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Books, artsy prints inspire Burberry's London menswear show; Tom Ford looks to the Wild West

A model wears a creation by Burberry Prorsum during London Collections for Men Spring/Summer 2015 at Kensington Gardens, central London, Tuesday, June 17, 2014. (Photo by Joel Ryan/Invision/AP)

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A model wears a creation by Burberry Prorsum during London Collections for Men Spring/Summer 2015 at Kensington Gardens, central London, Tuesday, June 17, 2014. (Photo by Joel Ryan/Invision/AP)

LONDON - They say fashion is a kind of make-believe — role-playing, if you will.

Luxury fashion designers Burberry and Tom Ford have conjured up completely different images of what makes a stylish man for their new season menswear designs. While Burberry models donned colorful hats and soft flowing scarves, and looked like bookish artists, Ford's men were cowboys through-and-through in fitted jeans, boots and biker jackets.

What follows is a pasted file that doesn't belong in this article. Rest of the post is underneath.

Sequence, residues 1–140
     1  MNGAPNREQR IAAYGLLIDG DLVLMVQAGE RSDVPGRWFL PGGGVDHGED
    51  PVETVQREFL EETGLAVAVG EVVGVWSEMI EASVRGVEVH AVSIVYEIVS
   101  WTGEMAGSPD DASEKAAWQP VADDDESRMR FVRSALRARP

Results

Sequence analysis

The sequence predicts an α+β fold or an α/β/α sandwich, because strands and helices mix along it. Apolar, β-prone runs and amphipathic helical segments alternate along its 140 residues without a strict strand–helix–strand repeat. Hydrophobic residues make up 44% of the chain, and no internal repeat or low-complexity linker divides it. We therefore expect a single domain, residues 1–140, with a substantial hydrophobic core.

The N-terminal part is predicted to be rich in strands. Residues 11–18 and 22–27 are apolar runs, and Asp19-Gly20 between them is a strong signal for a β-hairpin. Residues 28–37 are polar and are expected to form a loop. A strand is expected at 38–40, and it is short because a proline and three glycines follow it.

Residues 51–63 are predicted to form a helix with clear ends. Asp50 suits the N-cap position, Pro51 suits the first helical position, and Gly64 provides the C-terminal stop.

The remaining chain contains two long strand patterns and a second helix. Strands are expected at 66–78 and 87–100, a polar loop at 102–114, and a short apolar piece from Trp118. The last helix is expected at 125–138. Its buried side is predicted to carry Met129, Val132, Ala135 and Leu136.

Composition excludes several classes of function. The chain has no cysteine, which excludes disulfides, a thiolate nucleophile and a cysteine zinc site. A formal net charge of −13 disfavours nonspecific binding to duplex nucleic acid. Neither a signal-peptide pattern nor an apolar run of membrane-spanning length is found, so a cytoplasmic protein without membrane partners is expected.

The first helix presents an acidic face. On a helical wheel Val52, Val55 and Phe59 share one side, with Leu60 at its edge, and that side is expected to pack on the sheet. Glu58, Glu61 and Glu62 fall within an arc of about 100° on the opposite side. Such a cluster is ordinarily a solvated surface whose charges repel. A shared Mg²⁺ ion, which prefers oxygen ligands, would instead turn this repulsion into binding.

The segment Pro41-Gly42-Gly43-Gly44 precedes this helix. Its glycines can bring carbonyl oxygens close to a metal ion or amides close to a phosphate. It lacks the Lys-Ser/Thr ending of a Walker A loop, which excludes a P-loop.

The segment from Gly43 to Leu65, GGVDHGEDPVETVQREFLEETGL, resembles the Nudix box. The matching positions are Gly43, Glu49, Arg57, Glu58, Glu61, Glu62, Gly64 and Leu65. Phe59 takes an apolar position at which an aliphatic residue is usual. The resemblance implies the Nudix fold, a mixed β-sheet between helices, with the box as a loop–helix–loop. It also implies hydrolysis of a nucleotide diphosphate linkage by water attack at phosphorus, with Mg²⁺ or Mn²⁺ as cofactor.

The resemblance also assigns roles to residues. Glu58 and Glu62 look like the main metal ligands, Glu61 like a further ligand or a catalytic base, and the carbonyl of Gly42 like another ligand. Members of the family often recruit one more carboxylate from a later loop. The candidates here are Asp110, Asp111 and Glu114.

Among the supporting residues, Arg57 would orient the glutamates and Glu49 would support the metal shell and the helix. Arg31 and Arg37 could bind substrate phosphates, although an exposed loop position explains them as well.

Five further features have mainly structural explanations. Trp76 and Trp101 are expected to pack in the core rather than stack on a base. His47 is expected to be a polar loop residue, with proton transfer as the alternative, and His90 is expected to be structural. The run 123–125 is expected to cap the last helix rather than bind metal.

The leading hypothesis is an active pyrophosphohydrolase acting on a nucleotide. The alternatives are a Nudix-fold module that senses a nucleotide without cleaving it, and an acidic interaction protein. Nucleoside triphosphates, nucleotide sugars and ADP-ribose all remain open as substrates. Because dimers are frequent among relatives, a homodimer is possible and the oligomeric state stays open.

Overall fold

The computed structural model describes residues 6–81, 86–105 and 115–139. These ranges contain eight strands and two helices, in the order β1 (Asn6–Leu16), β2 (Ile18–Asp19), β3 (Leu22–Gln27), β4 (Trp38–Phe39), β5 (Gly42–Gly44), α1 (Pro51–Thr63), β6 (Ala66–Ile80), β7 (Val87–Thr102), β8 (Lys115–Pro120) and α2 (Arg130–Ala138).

The two labels were showing Tuesday for London's menswear fashion week, which features trendy young designers alongside the British capital's famed traditional tailoring houses.

Burberry — Britain's most successful fashion label and leader in both men's and women's wear — drew a large crowd to its display, staged in a glass marquee in Hyde Park. The outfits came in arty prints and a rainbow of pretty colours, with everything from shades of turquoise and sea green to mustard, purple and pink.

Designer Christopher Bailey said the collection was inspired by antique English book covers and writers: Models carried oversized notebooks under their arms.

Bailey said he believed men enjoy fashion just as much as women.

"I think a guy shops in a slightly different way to a woman, but I think guys absolutely enjoy the esthetic of clothes, as well as the whole idea of what fashion is," he said.

Ford looked to Santa Fe and America's West — where the designer spent his early years — for inspiration.

Best known for his sleek men's suits, he said he was branching out to casual wear with jeans, sporty jackets and sneakers. The result was a collection featuring very little suiting, filled instead with suede and leather fringed jackets, cowboy boots and head-to-toe denim outfits.

Ford did not stage a catwalk, choosing rather to host editors in a private show at his London office.

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